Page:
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The Sunflower

Wichita State's independent, student-run news source

The Sunflower

Wichita State's independent, student-run news source

The Sunflower

‘We’re still here’: ODI panel provides space for local Natives to teach their culture

Cheyanne Tull
Several community members at the Wichita Art Museum for the event titled “Indigenous Artists at Work: A Conversation with Native Creatives” on Nov. 24. (File photo)

A quick Google search of “Natives” pulls up many pictures of people in headdresses and traditional clothing. As pointed out by Dal Domebo, the program lead of the Native American Indian Education Program in Wichita Public Schools, this does not reflect how Natives may look today. 

Domebo said that because of this focus on traditional Native appearances and because of the traumatic history, it seems like there aren’t many Natives left. 

“We’re still here,” he said. 

At the Office of Diversity and Inclusion panel for Native voices, speakers brought attention to the saying “history is written by the victors” and how this truth affects Native American tribes today. The year 2024 will be just 100 years since Indigenous people have been considered U.S. citizens due to the Indian Citizenship Act in 1924

Each of the six panelists shared traditions they participate in with their tribes, as well as answered questions regarding how the language is preserved, how they celebrate their cultural identity and how others can support Natives. 

Daniel Pewewardy, an Indigenous culture advocate, said Native American identity is more than appearances.

“Native identity is often thought of as a racial identity, and it goes beyond that,” Pewewardy said. “We have our own religious identity, and we have our own cultural identity.

“I think when you think of who Native Americans are, you have to think of our political sovereignty first and foremost — not the color of our skin, or the color of our hair, or if we have high cheekbones.”

The panelists called out stereotypes surrounding Natives — most commonly, that they are violent. 

“This is what happens when a subjugated group becomes dehumanized,” Pewewardy said. “You’re seeing this right now with what’s going on in the West Bank with Palestine.”

Niomi Thompson, Mid-America All-Indian Museum Board of Trustees member and Level Up Kansas director, said others can support Natives by avoiding stereotypes about them and instead asking questions to learn. 

The panelists also discussed how Indigenous people experience generational trauma from massive oppression and genocide. 

“There’s over 570 federally-recognized tribes,” Domebo said. “Every tribe had their own trials and their own genocide … The story needs to be told. Our ancestors paid a huge price … We owe it to them to be able to accurately and thoroughly keep our culture alive.”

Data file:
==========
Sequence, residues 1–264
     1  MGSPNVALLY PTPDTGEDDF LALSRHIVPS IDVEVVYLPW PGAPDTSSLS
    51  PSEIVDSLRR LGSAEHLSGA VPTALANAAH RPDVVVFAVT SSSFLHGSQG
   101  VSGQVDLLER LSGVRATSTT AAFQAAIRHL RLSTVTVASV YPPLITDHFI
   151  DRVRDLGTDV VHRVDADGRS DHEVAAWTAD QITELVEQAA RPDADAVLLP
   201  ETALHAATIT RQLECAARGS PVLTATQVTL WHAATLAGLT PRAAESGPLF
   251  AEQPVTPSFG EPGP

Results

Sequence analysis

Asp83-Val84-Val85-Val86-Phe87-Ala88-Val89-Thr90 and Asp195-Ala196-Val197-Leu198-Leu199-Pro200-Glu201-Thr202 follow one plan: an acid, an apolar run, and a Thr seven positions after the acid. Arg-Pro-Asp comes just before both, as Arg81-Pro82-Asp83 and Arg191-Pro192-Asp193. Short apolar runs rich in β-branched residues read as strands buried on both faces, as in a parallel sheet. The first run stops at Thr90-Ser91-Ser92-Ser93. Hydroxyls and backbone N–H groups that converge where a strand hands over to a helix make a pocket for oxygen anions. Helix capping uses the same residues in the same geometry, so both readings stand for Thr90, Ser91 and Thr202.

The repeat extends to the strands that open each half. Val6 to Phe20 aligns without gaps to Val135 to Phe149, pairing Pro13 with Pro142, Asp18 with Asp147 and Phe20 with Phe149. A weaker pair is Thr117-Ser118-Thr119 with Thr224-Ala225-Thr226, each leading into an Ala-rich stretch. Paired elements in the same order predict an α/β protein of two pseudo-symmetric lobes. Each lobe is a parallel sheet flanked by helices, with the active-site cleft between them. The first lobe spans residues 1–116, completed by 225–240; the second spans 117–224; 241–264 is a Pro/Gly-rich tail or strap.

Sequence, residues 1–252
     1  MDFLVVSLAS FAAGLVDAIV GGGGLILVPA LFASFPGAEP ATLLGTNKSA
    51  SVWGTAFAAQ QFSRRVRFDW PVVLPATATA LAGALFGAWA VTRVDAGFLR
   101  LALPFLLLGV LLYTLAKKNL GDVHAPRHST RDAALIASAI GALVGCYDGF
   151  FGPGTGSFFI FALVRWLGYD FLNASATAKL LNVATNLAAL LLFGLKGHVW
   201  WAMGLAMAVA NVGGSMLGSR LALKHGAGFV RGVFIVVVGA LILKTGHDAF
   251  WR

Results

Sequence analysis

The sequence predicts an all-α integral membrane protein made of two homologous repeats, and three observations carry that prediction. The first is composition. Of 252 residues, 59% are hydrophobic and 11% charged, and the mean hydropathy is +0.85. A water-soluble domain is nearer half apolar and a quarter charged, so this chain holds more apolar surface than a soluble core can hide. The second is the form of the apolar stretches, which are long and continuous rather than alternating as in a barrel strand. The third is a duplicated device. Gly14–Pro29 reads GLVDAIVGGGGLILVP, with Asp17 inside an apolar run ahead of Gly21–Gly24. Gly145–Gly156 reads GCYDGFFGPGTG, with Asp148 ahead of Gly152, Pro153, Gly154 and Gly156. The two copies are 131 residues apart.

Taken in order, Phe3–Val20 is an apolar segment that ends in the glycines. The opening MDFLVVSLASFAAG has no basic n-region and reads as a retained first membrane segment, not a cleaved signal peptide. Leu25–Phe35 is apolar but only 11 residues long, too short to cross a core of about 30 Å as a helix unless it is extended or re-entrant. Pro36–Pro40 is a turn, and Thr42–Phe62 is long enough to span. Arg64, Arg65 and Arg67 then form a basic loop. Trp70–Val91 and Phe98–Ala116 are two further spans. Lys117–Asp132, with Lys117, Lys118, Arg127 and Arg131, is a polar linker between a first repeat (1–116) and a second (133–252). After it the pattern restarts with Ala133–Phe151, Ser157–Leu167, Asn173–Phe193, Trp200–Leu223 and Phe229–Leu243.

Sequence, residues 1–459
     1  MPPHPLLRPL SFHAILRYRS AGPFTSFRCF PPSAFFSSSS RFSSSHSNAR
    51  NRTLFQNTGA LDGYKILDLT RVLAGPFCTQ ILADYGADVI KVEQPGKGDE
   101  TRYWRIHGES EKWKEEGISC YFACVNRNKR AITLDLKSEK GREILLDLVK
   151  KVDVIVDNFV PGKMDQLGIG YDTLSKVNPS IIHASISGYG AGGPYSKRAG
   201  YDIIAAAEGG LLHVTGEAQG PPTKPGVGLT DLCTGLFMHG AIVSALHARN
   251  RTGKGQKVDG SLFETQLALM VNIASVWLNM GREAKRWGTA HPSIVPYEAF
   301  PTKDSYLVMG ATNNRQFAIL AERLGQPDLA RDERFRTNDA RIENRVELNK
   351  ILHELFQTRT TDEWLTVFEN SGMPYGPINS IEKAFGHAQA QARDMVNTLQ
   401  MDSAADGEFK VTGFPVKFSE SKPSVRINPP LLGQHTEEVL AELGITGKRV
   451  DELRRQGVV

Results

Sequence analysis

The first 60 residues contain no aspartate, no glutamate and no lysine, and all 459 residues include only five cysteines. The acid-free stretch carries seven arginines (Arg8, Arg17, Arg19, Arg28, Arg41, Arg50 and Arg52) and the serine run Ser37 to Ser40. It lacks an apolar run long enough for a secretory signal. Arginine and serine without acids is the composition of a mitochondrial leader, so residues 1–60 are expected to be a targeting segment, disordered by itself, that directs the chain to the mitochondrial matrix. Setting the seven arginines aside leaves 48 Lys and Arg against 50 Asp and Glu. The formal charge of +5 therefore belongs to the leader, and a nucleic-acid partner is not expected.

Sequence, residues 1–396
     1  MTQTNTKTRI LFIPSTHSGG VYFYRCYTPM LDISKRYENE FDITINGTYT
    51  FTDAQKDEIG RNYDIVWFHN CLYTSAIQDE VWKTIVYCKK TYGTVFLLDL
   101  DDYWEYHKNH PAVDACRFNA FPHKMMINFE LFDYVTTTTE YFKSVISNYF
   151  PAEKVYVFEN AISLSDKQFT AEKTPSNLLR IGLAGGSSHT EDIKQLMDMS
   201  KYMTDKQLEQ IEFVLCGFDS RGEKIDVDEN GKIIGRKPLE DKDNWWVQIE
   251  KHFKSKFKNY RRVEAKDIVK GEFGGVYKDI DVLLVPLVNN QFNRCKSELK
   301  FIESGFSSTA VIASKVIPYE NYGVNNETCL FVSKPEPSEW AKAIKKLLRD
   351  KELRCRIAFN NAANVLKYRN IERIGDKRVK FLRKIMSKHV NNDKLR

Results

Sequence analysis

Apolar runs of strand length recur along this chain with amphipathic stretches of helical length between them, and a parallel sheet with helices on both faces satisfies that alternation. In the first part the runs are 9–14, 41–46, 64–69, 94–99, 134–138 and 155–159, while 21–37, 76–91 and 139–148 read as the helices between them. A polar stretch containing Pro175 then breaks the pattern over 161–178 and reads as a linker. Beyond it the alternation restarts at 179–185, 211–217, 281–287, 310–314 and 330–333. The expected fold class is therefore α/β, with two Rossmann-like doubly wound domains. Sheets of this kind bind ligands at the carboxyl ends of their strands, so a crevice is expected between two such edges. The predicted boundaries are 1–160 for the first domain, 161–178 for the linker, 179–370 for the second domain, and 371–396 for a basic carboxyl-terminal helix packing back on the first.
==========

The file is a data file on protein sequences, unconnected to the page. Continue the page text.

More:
An estimated 5,000 Natives died because of the Trail of Tears, the forced relocation of approximately 125,000 Indigenous people living between Michigan, Louisiana and Florida to places beyond Mississippi in the 1830s. About 15,000 people forcibly marched 1,200 miles. This followed the 1830 Indian Removal Act. 

Native Americans suffered from Manifest Destiny, forced assimilation, and the forced sterilization of thousands of Native women in the 1960s and 1970s.

“My mom, fortunately, was not one of the 35% that got sterilized, so I made it,” Domebo said.

It wasn’t until the American Indian Religious Freedom Act passed in 1978 that Indigenous people were allowed freedom of religion by the First Amendment of the United States Constitution. According to National Geographic, the act “recognized that government policy had inhibited the practice of Native American religions.”

The American Indian Religious Freedom Act marked “when we were able to fully and freely — without persecution or fear of persecution — have our powwows,” according to Domebo.

Like many other Native practices, the Sun Dance was banned in 1883 under the Religious Crimes Code. The purpose was to push the beliefs of Indigenous people underground and make them assimilate into Western culture. 

“It scared the government because they did not understand,” Domebo said.

Traditionally, the Sun Dance is a four-day to two-week long ceremony to awaken the earth after winter and give thanks to the Great Spirit, as well as ask for a successful harvest and health in the next year.

Aaron Valentine, an engineering management student at Wichita State, said that he goes to his Osage reservation every summer for the Sun Dance. They dance twice a day on Thursday, Friday, and Saturday, as well as once on Sunday. 

Valentine said the Sun Dance is a time for the community from all around the nation to come together, and the language is spoken openly.

The panelists emphasized how open they and other Natives are to questions about their culture. Because many have oral traditions that are not written down, the panelists encouraged others to keep the culture alive by being curious and open-minded. 

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About the Contributors
Loren Amelunke
Loren Amelunke, Reporter
Loren Amelunke is a second year news reporter for The Sunflower. Amelunke is a currently a psychology major, but she ultimately plans to be an investigative journalist or a foreign correspondent in the future.
Cheyanne Tull
Cheyanne Tull, Reporter
Cheyanne Tull is a second year reporter, photographer and illustrator for The Sunflower. Tull is pursuing a double major in graphic design and journalism and media production. She hopes to work with outdoor brands combining her love for adventure and creativity after graduation.

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